The Gustavian Weekly

GAC divided on controversial window paintings: Temperatures cool down as political controversy heats up | The Gustavian Weekly

By Mykaela Otto - Staff Writer | October 3, 2018 | News

The purpose of the press has always been to protect and enable democracy.  

The idea of free press and free speech at Gustavus came into question this week when multiple campus groups painted the cafeteria windows for Homecoming week.  

Following the event, discussion ignited around campus about free speech and the rights of groups to share their ideas with the campus-wide community.  

Traditional window paintings went up on Monday night to celebrate homecoming here at Gustavus.  

The College Republicans’ window states: “If all means all then why does GAC suppress free speech? #confirmkavanaugh. Socialism is death. Gustavus CRs.” 

The next window, painted by HerCampus, states: “We stand with survivors #hercampus.”   

After the windows were completed, Gustavus student Amanda Jensen led a protest against the College Republicans’ window.  

Jensen said, “I do not have the patience for individuals that seem to not have an understanding of the importance of dignity for others’ bodies. Bodily autonomy is not a concept that is open for discussion. Similarly, humanity is non-negotiable for me. It is clear that some students at Gustavus value some bodies over others, and I will not tolerate that. 

Jensen continued by saying, “Since the first day I sat down in the back of the caf with a sign that said I support survivors, I have had countless survivors and folks affected by sexual violence feel comfortable and empowered to share their story. In addition, I have encountered visitors from Nobel, both high schoolers and older folks, come up and thank me and those sitting with me for being advocates and showing support for them. To me, that is more powerful than any negative reactions I may receive from my actions.”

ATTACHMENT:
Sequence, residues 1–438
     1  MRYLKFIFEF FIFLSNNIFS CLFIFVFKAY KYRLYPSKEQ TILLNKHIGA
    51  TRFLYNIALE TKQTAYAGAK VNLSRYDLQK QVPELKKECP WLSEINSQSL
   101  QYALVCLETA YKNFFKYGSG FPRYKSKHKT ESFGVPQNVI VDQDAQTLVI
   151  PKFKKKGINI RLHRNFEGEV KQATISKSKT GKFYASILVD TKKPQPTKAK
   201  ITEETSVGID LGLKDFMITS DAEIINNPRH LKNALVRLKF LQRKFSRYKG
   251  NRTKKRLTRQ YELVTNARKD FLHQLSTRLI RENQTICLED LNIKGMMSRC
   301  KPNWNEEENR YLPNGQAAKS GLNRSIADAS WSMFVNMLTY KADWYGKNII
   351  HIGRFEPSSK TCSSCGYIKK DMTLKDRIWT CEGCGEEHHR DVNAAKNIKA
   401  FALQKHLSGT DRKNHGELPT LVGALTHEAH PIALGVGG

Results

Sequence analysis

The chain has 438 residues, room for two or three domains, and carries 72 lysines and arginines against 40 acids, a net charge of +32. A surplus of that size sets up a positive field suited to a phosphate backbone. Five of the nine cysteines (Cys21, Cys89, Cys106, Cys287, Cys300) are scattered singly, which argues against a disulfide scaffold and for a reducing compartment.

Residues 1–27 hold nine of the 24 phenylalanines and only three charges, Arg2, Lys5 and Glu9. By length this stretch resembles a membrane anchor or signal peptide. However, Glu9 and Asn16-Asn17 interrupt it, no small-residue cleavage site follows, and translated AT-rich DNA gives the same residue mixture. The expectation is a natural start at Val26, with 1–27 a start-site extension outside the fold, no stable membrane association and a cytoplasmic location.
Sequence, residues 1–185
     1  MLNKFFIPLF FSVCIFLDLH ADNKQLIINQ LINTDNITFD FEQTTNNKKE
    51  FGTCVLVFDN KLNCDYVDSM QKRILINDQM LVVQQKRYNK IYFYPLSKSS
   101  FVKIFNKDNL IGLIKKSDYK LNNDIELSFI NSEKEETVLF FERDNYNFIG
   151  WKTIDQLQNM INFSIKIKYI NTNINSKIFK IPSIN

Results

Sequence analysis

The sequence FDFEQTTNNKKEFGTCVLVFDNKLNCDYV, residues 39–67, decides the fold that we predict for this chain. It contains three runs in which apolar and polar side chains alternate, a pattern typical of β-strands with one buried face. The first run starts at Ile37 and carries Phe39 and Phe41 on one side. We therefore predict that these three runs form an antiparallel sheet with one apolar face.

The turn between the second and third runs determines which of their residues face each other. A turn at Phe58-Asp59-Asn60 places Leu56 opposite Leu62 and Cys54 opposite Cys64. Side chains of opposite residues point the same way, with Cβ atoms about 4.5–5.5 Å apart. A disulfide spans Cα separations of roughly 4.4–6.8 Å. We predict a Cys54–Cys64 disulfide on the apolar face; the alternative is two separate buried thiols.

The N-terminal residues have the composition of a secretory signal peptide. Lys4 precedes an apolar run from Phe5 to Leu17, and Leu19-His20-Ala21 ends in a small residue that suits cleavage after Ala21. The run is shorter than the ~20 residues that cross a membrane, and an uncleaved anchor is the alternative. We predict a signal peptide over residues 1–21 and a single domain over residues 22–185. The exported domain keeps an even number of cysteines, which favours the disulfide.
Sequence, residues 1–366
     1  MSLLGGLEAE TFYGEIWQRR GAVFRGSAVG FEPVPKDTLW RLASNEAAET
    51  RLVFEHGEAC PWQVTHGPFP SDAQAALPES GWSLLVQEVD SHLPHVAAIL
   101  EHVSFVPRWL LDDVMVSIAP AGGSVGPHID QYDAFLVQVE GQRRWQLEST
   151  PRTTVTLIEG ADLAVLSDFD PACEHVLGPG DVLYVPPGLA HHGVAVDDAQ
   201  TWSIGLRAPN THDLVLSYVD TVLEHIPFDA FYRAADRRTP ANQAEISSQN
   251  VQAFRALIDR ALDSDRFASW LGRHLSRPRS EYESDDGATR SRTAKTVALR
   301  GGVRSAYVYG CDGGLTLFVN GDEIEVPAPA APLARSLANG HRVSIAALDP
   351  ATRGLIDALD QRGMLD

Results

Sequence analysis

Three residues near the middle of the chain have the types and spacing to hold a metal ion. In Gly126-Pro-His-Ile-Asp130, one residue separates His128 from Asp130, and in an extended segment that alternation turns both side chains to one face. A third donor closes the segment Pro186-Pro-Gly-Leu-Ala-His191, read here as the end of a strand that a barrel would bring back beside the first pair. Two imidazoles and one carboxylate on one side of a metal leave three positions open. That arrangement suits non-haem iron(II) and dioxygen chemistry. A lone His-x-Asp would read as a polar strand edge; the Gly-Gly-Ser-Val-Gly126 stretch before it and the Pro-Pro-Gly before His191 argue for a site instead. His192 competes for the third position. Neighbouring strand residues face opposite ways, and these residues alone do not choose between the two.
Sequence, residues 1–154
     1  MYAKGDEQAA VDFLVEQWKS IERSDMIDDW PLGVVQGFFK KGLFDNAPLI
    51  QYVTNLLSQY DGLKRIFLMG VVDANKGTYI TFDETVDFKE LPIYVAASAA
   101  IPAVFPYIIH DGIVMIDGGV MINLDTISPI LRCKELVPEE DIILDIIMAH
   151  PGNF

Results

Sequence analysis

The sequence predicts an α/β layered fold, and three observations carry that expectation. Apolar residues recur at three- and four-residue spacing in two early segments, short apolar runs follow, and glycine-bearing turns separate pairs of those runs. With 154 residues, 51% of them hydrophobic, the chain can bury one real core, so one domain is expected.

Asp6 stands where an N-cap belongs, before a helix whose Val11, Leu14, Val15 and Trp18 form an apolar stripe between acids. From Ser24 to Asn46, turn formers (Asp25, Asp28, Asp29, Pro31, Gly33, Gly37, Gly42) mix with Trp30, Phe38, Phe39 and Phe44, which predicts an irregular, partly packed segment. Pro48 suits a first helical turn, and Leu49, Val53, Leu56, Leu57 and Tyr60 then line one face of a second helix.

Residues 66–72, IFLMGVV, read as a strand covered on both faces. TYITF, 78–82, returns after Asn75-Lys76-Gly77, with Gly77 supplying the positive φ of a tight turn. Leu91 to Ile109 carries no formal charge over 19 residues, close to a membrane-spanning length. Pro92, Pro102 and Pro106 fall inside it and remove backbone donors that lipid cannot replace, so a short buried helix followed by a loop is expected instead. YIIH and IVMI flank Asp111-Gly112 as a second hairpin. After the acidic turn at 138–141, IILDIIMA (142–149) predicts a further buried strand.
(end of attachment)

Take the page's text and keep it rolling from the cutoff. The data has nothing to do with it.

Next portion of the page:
Many students have concerns about the window and about the messages being sent on campus. 

“When I saw the window painting for the Campus Republicans Club, it made me extremely upset. I think it gives visitors the idea that Gustavus is complicit towards rapists; a mentality that is very untrue and very damaging to all survivors of rape and sexual assault…The right to free speech is no excuse to be unkind to our fellow human beings, and I think that is forgotten too often nowadays,” Sophomore Signe Jeremiason said. 

Other students believe the College Republicans had the right to paint their beliefs on the window.

“The College Republicans have every right to espouse their beliefs and views. Specifically, after the contentious Kavanaugh-Ford hearings, tensions on both sides of the political aisle have been at near-insurmountable levels and due process should be afforded to anyone who has been accused of any crime…Everyone is entitled to their beliefs, regardless of what anyone thinks,” Student Nathan Dull said.

The Gustavus campus seems to be full of differentiating views on whether or not the action was justified.